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Data from: Effective number of breeders, effective population size and their relationship with census size in an iteroparous species, Salvelinus fontinalis

Citation

Ruzzante, Daniel E. et al. (2016), Data from: Effective number of breeders, effective population size and their relationship with census size in an iteroparous species, Salvelinus fontinalis, Dryad, Dataset, https://doi.org/10.5061/dryad.nh448

Abstract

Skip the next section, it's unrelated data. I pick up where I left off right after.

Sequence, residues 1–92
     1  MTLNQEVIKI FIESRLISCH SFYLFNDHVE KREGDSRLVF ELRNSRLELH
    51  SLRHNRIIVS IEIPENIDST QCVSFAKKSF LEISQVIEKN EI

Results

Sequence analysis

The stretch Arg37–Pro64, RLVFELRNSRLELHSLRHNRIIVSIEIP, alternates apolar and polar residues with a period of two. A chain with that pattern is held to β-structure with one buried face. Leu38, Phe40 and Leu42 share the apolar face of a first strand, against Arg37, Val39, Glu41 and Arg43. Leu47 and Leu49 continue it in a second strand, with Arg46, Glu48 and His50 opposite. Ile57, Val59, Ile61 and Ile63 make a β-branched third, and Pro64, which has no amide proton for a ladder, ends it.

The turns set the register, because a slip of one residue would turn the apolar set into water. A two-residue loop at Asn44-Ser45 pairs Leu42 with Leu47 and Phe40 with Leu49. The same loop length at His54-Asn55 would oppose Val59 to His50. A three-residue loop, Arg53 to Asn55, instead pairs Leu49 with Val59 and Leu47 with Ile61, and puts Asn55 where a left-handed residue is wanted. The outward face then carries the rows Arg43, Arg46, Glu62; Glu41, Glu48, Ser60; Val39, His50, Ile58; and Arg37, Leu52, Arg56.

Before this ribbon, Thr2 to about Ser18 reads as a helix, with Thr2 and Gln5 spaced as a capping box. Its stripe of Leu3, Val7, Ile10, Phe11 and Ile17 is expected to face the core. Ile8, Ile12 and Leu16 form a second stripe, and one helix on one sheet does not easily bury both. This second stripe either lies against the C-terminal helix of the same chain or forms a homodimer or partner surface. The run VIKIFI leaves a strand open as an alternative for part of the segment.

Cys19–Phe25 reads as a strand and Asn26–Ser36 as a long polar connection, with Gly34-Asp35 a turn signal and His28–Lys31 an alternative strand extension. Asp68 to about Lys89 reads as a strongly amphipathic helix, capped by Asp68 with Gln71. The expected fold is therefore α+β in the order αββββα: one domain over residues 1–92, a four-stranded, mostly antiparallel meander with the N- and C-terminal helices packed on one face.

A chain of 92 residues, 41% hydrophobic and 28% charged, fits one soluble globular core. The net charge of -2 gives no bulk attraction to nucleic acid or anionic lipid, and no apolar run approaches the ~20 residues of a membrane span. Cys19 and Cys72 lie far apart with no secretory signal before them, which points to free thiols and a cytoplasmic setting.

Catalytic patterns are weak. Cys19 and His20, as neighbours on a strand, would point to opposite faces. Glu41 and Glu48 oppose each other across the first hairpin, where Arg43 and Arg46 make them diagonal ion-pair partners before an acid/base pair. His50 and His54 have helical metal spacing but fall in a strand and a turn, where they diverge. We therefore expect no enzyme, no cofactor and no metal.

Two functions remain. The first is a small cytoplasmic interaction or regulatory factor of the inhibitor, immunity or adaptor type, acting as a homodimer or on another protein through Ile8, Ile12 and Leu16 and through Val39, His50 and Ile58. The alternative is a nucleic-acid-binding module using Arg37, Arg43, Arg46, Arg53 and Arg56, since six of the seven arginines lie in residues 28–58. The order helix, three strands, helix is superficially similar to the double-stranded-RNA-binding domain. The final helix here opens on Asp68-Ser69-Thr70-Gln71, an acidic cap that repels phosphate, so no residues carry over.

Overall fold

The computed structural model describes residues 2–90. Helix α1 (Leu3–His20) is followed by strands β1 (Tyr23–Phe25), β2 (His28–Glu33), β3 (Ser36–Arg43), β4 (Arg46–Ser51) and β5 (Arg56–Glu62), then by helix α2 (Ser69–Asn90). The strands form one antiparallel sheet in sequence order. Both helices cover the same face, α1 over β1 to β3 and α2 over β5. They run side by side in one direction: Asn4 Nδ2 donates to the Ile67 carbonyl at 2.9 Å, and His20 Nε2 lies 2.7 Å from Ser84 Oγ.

Effective number of breeders, Nb, effective population size, Ne, iteroparity, small population size, brook trout, age at maturation Abstract: The relationship between the effective number of breeders (Nb) and the generational effective size (Ne) has rarely been examined empirically in species with overlapping generations and iteroparity. Based on a suite of 11 microsatellite markers we examine the relationship between Nb, Ne, and census population size (Nc) in 14 brook trout (Salvelinus fontanels) populations inhabiting 12 small streams in Nova Scotia and sampled at least twice between 2009 and 2015. Unbiased estimates of Nb obtained with individuals of a single cohort, adjusted on the basis of age at first maturation (α) and adult life span (AL) were from 1.66 to 0.24 times the average estimates of Ne obtained with random samples of individuals of mixed ages [i.e., N ̂(b(adj2))/〖mean(N ̂ (e(mixed ages)))]. In turn, these differences led to adjusted Ne estimates that were from nearly 5 to 0.7 times the estimates derived from mixed aged individuals. These differences translate into the same range of variation in the ratio of effective to census population size (N ̂_(e(adj2))N ̂_c) within populations. Adopting N ̂(e(adj2)) as the more precise and unbiased estimates, we found that these brook trout populations differ markedly in their effective to census population sizes (range ~0.3 to ~0.001). Using AgeNe we then show that the variance in reproductive success or reproductive skew varied among populations by a factor of 40 from a Vk/k≈5 to 200. These results suggest wide differences in population dynamics likely resulting from differences in productivity affecting the intensity of competition for access to mates or redds and thus, reproductive skew. Understanding the relationship between Ne, Nb and Nc and how these relate to population dynamics and fluctuations in population size are important for the design of robust conservation strategies in small populations with overlapping generations and iteroparity.

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